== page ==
Feeding Pomeranians

Pomeranians thrive on a diet of high-quality dog food with plenty of protein, whether it is commercially manufactured, or home prepared as part of a vet approved diet plan.

Pomeranians can be prone to becoming overweight, so it is important to monitor their dietary intake and weight. The amount of food given to a Pomeranian depends on the age, size, metabolism, and activity level of the pet. It is best to feed at least two meals per day. Speak with your local vet team to discuss appropriate food for your pet.

As a puppy it is important to feed a diet specifically for puppies. This helps meet the different nutritional needs for a quickly growing puppy. The Petbarn Food Finder is a great tool to discover which puppy food options are available. Explore the options available and discuss with your local vet team the best nutrition choice for your pup.

Pomeranian Dog Walking outdoors

Pomeranian Appearance - Colour, Coat & Grooming

One of the Pomeranian’s most distinguishing features is their fluffy profuse double coat. Frequent brushing is necessary to maintain their beautiful coat. This involves brushing through both with a pin brush and a slicker brush 2 to 3 times a week to prevent the coat from matting.

Pomeranians shed excessively twice a year as part of a seasonal routine, as well as some consistent year-round shedding.

It is recommended they receive a full groom including a bath, brushing and nail clipping, every four to six weeks.

Pomeranians come with a variety of different coat colours, with 18 recognised standard coat colours including black, black and tan, beaver, blue, blue and tan, blue brindle, blue merle, chocolate, chocolate and tan, cream, cream sable, orange, orange sable, red, red sable, sable, wolf sable, white sable and white.

Pomeranians will shed their puppy coat and grow adult coats between four and eight months of age, sometimes growing a different coloured coat.

Pomeranian Dog Breed

Living with Children and Other Pets

Pomeranians generally get along well with other pets, though they should be cautiously be mixed with larger breeds that may injure a toy dog accidentally. Pomeranians certainly have the personality of a big dog, so they may not realise they are not picking on someone their own size!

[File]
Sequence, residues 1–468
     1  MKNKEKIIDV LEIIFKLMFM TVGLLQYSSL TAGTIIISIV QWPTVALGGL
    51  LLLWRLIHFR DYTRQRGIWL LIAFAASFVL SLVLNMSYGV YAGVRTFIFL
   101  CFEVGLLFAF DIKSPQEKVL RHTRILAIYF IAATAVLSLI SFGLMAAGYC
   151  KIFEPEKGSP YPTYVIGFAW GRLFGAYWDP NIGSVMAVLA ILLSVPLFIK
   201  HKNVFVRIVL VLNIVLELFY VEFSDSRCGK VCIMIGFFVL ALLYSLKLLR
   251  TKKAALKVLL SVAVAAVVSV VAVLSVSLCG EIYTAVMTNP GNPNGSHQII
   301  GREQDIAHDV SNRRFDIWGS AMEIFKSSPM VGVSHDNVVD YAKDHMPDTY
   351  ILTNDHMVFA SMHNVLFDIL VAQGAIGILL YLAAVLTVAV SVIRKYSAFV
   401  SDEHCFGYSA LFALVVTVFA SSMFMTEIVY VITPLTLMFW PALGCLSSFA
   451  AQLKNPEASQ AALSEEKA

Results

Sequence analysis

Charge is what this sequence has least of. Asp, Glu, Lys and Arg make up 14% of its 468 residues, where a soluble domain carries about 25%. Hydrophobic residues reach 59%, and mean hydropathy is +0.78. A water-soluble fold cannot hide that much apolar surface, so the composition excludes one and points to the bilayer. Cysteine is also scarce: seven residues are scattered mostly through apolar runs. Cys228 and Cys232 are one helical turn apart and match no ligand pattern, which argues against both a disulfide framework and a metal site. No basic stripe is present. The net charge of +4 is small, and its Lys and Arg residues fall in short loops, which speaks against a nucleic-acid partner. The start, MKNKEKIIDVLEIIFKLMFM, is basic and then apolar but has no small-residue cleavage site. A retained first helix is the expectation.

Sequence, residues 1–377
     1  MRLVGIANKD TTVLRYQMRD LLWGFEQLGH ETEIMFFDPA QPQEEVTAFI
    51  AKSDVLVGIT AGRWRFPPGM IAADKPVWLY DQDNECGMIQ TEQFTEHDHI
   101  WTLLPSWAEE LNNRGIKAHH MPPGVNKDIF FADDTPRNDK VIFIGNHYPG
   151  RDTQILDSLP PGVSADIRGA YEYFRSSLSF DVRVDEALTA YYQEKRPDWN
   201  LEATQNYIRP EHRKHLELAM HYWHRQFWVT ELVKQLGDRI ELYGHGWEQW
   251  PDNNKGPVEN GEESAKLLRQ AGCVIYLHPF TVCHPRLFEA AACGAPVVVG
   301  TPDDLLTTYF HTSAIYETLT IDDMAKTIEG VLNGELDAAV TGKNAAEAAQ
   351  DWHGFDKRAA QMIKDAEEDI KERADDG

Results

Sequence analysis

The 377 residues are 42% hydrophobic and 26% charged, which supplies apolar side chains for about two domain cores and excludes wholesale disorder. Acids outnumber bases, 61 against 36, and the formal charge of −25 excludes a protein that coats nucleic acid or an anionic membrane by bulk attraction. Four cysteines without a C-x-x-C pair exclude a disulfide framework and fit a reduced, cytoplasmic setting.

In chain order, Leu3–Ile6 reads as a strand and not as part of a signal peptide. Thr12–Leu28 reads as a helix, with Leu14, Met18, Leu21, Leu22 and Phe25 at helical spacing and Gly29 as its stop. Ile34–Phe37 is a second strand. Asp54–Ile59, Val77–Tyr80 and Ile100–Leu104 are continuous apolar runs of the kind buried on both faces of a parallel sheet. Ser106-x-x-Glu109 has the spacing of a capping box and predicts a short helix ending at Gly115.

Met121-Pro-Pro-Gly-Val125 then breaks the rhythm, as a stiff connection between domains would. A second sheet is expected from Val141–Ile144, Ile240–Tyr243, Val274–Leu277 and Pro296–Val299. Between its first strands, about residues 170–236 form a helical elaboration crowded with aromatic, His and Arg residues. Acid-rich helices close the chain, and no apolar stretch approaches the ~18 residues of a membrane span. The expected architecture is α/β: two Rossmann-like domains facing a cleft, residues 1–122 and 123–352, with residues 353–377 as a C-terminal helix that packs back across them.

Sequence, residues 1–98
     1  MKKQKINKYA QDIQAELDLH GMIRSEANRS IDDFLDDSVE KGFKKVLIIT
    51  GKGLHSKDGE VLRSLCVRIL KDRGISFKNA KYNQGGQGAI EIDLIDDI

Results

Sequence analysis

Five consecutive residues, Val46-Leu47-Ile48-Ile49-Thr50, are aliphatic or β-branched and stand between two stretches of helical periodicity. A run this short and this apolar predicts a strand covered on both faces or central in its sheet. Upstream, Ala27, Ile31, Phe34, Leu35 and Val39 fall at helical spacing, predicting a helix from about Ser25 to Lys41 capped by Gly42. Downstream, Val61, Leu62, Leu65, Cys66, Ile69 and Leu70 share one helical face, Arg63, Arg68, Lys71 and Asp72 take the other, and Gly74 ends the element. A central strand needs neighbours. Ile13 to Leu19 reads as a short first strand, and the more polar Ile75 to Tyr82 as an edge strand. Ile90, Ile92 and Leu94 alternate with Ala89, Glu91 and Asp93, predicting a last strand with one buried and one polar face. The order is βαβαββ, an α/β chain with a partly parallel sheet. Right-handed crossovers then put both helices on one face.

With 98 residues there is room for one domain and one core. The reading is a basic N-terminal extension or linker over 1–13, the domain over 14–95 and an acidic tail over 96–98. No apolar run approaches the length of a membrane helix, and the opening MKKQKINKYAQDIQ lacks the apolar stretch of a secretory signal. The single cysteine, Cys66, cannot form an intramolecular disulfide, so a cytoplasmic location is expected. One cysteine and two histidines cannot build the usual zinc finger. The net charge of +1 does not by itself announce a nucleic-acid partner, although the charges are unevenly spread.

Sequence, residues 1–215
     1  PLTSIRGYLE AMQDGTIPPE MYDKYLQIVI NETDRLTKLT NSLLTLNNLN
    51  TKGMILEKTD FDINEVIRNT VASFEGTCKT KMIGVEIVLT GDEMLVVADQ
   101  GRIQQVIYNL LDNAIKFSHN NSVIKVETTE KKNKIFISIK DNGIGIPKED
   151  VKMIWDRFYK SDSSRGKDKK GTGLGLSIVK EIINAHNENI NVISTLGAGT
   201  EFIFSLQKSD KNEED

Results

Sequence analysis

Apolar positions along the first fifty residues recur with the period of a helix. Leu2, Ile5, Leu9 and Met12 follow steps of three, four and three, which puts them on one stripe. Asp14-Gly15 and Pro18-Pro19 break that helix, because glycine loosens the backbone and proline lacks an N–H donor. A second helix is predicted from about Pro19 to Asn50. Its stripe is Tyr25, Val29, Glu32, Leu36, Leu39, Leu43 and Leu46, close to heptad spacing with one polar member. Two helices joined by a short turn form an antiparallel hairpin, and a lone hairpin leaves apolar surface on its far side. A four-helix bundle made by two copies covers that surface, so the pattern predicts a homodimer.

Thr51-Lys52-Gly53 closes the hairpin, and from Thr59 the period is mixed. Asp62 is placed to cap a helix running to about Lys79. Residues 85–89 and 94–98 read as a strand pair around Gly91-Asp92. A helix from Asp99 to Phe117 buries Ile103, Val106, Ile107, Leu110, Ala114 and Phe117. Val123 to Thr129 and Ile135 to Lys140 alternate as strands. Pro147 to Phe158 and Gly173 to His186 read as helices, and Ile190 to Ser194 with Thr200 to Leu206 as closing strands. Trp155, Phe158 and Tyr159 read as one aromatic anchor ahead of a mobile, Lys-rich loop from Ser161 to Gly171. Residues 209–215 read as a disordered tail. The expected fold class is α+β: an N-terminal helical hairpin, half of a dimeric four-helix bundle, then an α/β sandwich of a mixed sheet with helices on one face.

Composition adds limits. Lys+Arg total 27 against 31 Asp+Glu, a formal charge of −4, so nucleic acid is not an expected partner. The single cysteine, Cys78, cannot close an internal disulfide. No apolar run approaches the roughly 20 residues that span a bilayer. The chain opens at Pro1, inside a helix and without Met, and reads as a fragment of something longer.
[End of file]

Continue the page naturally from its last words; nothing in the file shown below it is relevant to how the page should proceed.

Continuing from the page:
If they are raised around children they do quite well as family pets, however they can be a bit nippy. It is also important they are only around children old enough to understand they are not a toy, as they are not a sturdy breed. As with all breeds of dogs, children should never be left alone with the dog. Supervision is always required.

Pomeranian Dog Breed

Pomeranian FAQs

How long do Pomeranians live for?

With a good diet and appropriate exercise Pomeranians are generally healthy dogs and will live between 12 and 16 years.

How much should a Pomeranian weigh?

Pomeranians often weigh between 1.9kgs and 3.5kgs, though some litters can have puppies that are larger and grow up to weigh 6kgs.

How big do Pomeranians grow?

Pomeranians are considered to be small dogs that grow to be 20-36cms tall.

Can Pomeranians be left alone?

Provided they are left with all necessary supplies to spend their day mentally and physically stimulated, Pomeranians are able to be left alone during the day.

Do Pomeranians have separation anxiety?

Pomeranians can develop separation anxiety if they are left alone for too long or without proper stimulation which can lead to excessive barking.

Do Pomeranians bite a lot?

It is not common for Pomeranians to bite excessively out of aggression; however, they can form a habit of play “nipping” when they are a puppy. If they are not properly trained, then they may continue this biting and nipping behaviour.

Do Pomeranians shed?

Pomeranians do shed and leave hair around their environment; however, they are not considered “heavy” shedders.

Are Pomeranians a good family dog?

Pomeranians tend to be good with children and are generally friendly dogs. Though due to their small size, children need to be cautioned they are not as sturdy as larger dog breeds and need to be played with gently.

Greencross Vets

At Greencross Vets, nothing is more important than the health and wellbeing of your four-legged friend. If you have any more questions, please reach out to your local Greencross Vets. You can find your local Greencross Vets here .

We are more than happy to help! Or if you’re looking to adopt, find your new best friend with Petbarn adoptions.